25

I have a class with two readonly int fields. They are exposed as properties:

public class Thing
{
    private readonly int _foo, _bar;

    /// <summary> I AM IMMUTABLE. </summary>
    public Thing(int foo, int bar)
    {
        _foo = foo;
        _bar = bar;
    }

    public int Foo { get { return _foo; } set { } }

    public int Bar { get { return _bar; } set { } }
}

However, that means that the following is perfectly legal code:

Thing iThoughtThisWasMutable = new Thing(1, 42);

iThoughtThisWasMutable.Foo = 99;  // <-- Poor, mistaken developer.
                                  //     He surely has bugs now. :-(

The bugs that come from assuming that would work are sure to be insidious. Sure, the mistaken developer should have read the docs. But that doesn't change the fact that no compile- or run-time error warned him about the problem.

How should the Thing class be changed so that devs are less likely to make the above mistake?

Throw an exception? Use a getter method instead of a property?

  • 6
  • 1
    Thanks, @gnat. That post (both the question and the answer) seems to be talking about interfaces, as in Capital I Interfaces. I'm not sure that's what I'm doing. – kdbanman Jul 21 '15 at 17:46
  • 6
    @gnat, that is dreadful advice. Interfaces offer a great way of serving up publicly immutable VOs/DTOs that are still easy to test. – David Arno Jul 21 '15 at 17:53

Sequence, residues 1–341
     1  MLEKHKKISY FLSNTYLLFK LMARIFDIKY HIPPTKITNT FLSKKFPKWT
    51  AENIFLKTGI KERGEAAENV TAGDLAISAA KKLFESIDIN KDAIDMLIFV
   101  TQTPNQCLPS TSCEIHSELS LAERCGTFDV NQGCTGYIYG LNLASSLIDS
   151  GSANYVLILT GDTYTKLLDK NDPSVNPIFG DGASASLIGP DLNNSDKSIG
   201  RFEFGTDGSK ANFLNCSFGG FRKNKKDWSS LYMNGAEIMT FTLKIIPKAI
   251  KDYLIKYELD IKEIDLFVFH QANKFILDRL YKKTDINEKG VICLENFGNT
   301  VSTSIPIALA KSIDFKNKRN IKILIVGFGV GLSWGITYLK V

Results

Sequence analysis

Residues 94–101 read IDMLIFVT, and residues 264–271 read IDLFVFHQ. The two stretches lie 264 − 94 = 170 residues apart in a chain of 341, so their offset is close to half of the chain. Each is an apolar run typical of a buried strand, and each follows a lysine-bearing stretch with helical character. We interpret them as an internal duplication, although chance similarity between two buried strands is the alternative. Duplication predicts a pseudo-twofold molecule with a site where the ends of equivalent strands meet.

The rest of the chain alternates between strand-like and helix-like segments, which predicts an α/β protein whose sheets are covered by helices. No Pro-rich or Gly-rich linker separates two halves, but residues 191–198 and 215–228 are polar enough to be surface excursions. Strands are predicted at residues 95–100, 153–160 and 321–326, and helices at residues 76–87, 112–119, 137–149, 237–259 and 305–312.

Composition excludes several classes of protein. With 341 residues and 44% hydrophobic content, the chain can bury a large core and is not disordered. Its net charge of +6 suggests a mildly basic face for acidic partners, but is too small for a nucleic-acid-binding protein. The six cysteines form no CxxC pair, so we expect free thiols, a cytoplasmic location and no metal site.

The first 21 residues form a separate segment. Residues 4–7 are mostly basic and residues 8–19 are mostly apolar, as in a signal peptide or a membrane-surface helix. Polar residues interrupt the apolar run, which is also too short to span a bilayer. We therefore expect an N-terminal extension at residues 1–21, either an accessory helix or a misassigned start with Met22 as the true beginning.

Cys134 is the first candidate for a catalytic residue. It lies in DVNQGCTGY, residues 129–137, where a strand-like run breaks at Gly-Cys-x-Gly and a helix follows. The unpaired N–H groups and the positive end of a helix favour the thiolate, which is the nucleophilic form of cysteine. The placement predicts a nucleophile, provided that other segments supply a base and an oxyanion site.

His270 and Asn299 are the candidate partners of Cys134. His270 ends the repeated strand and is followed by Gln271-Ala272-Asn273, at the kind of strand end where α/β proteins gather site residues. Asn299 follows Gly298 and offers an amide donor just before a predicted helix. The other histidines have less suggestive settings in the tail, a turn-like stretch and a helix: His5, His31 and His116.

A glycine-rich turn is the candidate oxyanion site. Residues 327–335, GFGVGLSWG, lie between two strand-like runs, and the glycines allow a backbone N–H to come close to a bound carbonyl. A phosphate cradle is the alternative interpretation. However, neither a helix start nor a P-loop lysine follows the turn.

• 4
    @gnat, I did and the question makes no sense as the OP seems to think that interfaces will destroy immutability, which is nonsense. – David Arno Jul 21 '15 at 17:56
  • 1
    @gnat, that question was about declaring interfaces for DTOs. The top voted answer was that interfaces would not be harmful, but probably unnecessary. – Paul Draper Jul 22 '15 at 5:05
107

Why make that code legal?
Take out the set { } if it does nothing.
This is how you define a read only public property:

public int Foo { get { return _foo; } }
  • 3
    I didn't think that was legal for some reason, but it seems to work perfectly! Perfect, thank you. – kdbanman Jul 21 '15 at 17:49
  • 1
    @kdbanman It probably has something to do with something you saw the IDE doing at one point - probably auto-completion. – Panzercrisis Jul 22 '15 at 21:35
  • 2
    @kdbanman; what is not legal (upto C#5) is public int Foo { get; } (auto-property with only a getter) But public int Foo { get; private set; } is. – Laurent LA RIZZA Jul 23 '15 at 14:08
  • @LaurentLARIZZA, you've jogged my memory. That's exactly where my confusion came from. – kdbanman Jul 23 '15 at 15:05
45

With C#5 and before, we were faced with two options for immutable fields exposed via a getter:

  1. Create a read-only backing variable and return that via a manual getter. This option is secure (one must explicitly remove the readonly to destroy the immutability. It created lots of boiler-plate code though.
  2. Use an auto-property, with a private setter. This creates simpler code, but it's easier to accidentally break the immutability.

With C# 6 though (available in VS2015, which was released yesterday), we now get the best of both worlds: read-only auto properties. This allows us to simplify the OP's class to:

public class Thing
{
    /// <summary> I AM IMMUTABLE. </summary>
    public Thing(int foo, int bar)
    {
        Foo = foo;
        Bar = bar;
    }

    public int Foo { get; }
    public int Bar { get; }
}

The Foo = foo and Bar = bar lines are only valid in the constructor (which achieves the robust read-only requirement) and the backing field is implied, rather than having to be explicitly defined (which achieves the simpler code).